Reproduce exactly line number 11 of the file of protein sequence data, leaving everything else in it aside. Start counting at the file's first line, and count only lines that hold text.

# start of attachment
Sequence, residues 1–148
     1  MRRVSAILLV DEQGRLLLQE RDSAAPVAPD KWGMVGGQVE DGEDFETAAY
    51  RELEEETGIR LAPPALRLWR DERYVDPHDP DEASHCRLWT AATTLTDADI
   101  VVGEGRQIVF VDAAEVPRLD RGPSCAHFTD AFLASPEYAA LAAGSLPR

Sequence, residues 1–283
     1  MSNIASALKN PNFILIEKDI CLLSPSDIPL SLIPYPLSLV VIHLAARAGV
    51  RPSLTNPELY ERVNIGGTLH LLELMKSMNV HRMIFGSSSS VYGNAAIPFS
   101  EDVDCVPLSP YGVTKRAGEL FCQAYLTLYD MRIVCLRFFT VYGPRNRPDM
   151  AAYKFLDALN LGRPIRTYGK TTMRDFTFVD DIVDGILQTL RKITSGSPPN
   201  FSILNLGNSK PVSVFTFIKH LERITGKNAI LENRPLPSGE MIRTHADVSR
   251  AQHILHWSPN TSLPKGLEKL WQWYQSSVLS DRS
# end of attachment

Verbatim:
   251  AQHILHWSPN TSLPKGLEKL WQWYQSSVLS DRS